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I'm not claiming spot traders entirely ignore the futures market, but surely here you have the cart wagging the horse.

But from the little I know, that's exactly how it works: futures markets are supposed to be 'transparent' and in best knowledge of the entire market situation, thus the front-month futures price is supposed to reflect the 'real' price; while the spot market is supposed to be more secretive, but often using futures prices as benchmark.

I hope HiD turns up to give the insider view.

*Lunatic*, n.
One whose delusions are out of fashion.

by DoDo on Fri Mar 21st, 2008 at 05:40:50 AM EST
[ Parent ]
Ummm...well, HiD will give you the trader's perspective.

Part of my job til late 1996 as Director of Compliance & Market Supervision at the IPE (now ICEFutures) was to deal with the games that went on in relation to IPE's Gas Oil (Heating Oil/Diesel hybrid spec) contract.

This was deliverable in "ARA" (Amsterdam, Rotterdam and Antwerp) area in 100 tonne contract "lots", but typically into barges (there were other delivery mechanisms) that were 1000, 2000 and even 3000 tonners.

On the day of contract expiry (two business days before the 14th of the contract month) the "Exchange Delivery Settlement Price" was set at 12 noon, and when the big players had large outstanding positions it was Europe's largest game of "chicken" and God help any other participants caught in the cross fire during the last morning of trading and right up to the wire.

That was only the start of the guerilla warfare that then went on as the Buyer nominated barges to collect the oil from the ARA installations, and typically took it up the Rhine for delivery to "end users".

It was a "second half of the month" delivery, so buyers would try and pick up the oil as early as possible or as late as possible in the second half, depending on where the physical "barge market" price (1,000 tonne contracts) was.

Only real professionals ever made or took delivery. Dealing with the trading games - and the resulting disciplinary cases and arbitrations -  was for me one of the most interesting parts of the job, and gave me quite a body of experience.

But I digress: Nostalgia isn't what it used to be!

Point is that the purpose of futures markets is NOT delivery, but risk transfer, and 95 to 99% of IPE Gas Oil traded was simply "closed  out" and never went to delivery.

Yes, there IS convergence, after a fashion, on the day of expiry, but even here you must understand that the IPE spec was itself a hybrid, being essentially too good for heating oil, and needing blending to use as diesel.

The trading here - and one firm in Monaco were masters at "in tank" blending to precise specification - was basically to take advantage of "quality giveaway" eg from cargoes of crudely refined gasoil from origins like Ventspils in Latvia.

As for the ICEFutures Brent contract, that is not deliverable at all (being cash settled, like the FTSE) against an Index of "Forward" Brent (now BFO - Brent Forties and Osebjerg) Crude contract transactions.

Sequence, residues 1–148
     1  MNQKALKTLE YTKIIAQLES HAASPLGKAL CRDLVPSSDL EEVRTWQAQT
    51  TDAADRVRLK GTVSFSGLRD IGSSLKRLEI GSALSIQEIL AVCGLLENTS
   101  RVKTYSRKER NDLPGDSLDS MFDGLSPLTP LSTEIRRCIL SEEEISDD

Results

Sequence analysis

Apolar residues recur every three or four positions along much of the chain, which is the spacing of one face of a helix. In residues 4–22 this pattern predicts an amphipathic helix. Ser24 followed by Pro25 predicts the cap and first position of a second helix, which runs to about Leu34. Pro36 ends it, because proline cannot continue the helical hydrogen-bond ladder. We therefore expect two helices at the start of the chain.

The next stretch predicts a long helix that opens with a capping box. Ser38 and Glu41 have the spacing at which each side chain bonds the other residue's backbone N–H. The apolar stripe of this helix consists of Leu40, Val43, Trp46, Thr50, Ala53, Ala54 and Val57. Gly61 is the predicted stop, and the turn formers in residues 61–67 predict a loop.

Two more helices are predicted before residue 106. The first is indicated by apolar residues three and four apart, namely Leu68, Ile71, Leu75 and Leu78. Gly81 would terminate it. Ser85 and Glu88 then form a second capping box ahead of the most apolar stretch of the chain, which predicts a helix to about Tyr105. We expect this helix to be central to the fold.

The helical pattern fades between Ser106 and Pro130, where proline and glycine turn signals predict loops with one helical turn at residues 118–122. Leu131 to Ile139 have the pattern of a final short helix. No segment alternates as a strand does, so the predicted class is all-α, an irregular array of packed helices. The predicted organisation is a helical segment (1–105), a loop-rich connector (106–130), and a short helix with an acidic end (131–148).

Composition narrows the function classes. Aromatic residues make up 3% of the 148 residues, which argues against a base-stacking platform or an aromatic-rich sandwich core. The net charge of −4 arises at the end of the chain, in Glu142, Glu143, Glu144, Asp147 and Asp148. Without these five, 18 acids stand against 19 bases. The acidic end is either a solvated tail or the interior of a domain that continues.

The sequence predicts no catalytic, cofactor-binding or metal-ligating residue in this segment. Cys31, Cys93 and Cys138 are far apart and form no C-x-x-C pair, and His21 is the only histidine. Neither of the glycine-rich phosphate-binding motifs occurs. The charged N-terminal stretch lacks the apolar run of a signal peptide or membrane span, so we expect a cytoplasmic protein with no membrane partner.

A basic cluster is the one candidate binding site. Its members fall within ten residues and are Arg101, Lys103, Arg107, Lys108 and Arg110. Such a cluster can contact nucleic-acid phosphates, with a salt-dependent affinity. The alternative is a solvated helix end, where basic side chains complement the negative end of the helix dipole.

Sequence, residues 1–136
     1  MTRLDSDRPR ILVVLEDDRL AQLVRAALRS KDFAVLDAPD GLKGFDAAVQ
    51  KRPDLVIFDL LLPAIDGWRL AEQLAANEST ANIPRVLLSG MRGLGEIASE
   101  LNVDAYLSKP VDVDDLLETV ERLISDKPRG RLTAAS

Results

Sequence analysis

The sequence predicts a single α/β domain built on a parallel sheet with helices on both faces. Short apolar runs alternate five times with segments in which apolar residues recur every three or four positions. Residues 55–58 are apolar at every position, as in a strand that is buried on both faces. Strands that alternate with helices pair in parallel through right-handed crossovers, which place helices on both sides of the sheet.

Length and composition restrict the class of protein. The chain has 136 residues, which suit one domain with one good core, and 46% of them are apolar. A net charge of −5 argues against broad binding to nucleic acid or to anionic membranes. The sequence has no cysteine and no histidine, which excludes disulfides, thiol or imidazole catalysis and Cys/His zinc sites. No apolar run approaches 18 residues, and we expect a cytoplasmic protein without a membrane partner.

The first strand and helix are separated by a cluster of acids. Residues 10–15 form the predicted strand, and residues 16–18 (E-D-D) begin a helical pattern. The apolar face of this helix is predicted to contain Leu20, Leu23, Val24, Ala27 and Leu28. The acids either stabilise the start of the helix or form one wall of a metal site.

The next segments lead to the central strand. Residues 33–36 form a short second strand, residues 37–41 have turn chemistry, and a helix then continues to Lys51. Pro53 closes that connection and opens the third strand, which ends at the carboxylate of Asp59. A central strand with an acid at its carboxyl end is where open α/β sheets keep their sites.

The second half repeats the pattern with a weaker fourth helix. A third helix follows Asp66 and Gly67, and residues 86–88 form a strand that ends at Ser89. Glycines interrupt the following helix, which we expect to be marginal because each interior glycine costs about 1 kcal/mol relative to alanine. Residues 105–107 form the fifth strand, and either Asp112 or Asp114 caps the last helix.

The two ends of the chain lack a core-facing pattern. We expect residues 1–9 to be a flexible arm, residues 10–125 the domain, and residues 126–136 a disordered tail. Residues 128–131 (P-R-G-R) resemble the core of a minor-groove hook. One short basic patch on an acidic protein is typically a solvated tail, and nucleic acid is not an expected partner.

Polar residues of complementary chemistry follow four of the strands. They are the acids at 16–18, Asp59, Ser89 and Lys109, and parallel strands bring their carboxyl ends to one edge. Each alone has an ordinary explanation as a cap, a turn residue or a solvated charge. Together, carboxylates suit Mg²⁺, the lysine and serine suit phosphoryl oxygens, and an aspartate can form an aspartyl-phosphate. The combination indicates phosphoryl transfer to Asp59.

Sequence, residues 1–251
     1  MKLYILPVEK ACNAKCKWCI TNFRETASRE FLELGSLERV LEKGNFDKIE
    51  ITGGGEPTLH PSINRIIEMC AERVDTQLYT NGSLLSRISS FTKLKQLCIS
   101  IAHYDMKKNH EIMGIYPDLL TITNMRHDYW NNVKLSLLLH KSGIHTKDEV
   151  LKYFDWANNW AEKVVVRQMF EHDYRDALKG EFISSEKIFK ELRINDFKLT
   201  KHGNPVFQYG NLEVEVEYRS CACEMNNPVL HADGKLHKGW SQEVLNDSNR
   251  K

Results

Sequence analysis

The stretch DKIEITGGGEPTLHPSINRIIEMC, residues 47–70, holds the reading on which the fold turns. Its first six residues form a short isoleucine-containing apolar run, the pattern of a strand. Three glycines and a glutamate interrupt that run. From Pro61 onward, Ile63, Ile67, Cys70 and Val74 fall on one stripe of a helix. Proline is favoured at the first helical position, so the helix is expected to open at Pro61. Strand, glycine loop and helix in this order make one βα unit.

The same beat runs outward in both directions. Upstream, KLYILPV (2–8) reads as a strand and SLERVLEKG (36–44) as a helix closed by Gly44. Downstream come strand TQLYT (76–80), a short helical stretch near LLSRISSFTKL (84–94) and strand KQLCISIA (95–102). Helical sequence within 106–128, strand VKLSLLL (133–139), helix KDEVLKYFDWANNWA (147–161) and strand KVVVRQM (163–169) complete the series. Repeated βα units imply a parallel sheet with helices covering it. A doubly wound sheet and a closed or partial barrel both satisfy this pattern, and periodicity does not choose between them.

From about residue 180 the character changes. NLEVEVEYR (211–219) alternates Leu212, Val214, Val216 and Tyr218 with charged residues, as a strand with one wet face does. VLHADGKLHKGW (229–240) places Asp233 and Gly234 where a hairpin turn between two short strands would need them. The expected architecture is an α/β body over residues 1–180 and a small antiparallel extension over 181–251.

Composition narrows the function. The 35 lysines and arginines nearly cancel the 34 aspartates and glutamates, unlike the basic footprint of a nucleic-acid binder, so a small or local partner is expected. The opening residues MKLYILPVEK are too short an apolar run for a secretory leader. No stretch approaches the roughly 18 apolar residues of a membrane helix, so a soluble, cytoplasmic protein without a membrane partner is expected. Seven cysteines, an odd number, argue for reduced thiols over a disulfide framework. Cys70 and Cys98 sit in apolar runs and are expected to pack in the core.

The Brent forward "15 Day" contract - originally introduced by Shell, but which became a market standard - has always been subject to expert manipulation, and particularly "squeezes" when traders would buy up the available forward cargoes of crude and attempt to make profits from those who had sold cargoes forward "short" as a "hedge", but had not actually bought any from someone who actually owned the stuff.

While manipulation of IPE's cash-settled futures contract did not directly affect the physical/forward market, all sorts of games went on.

These typically involved esoteric "OTC" contracts aimed at hedging the "basis risk" between the futures contract expiry and the actual physical or "spot" delivery some time later in the("Dated Brent") market which actually does form the benchmark price against which 65% of world crude oil is priced.

In fact I got into hot water for alleging (and I had chapter and verse) that the big Investment Banks in particular were routinely manipulating the (then) IPE Brent daily settlement price in view of the profits they could make from sophisticated "swap" contracts priced against these prices at the end of each trading day.

Also they were routinely "date raping" investment funds associated with them - and in all likelihood

Date Rape

still do.

It was all quietly buried (in best British tradition, since I could not be seen to be right) and so was I, as  a treacherous, "bitter and twisted" (five years after I left the IPE!)"whistle blower".

However, the truth of it - and that article is a good example, is now coming out, but it's all a bit late for me. Lost income, marriage, home, the lot. But I think I'm a better person for it.

Not just a Diary there, there's a Book.

"The future is already here -- it's just not very evenly distributed" William Gibson

by ChrisCook (cojockathotmaildotcom) on Sat Mar 22nd, 2008 at 12:45:41 PM EST
[ Parent ]
Very interesting, but you didn't really answer the question. Is real-world oil (mainly) priced on fundamentals, or is there really a (substantial) influence on pricing played by speculation in the futures market?

From your answer-essay, I would still have to guess that oil is, at the day or week of reckoning, priced by demand. Short of actual large-scale hoarding (longer than, say, 30 days -- which to me sounds implausible), I can't see how speculators could cause oil to change hands at a price very far from the one dictated by the laws of supply and demand.

by Ralph on Mon Mar 31st, 2008 at 04:37:24 PM EST
[ Parent ]

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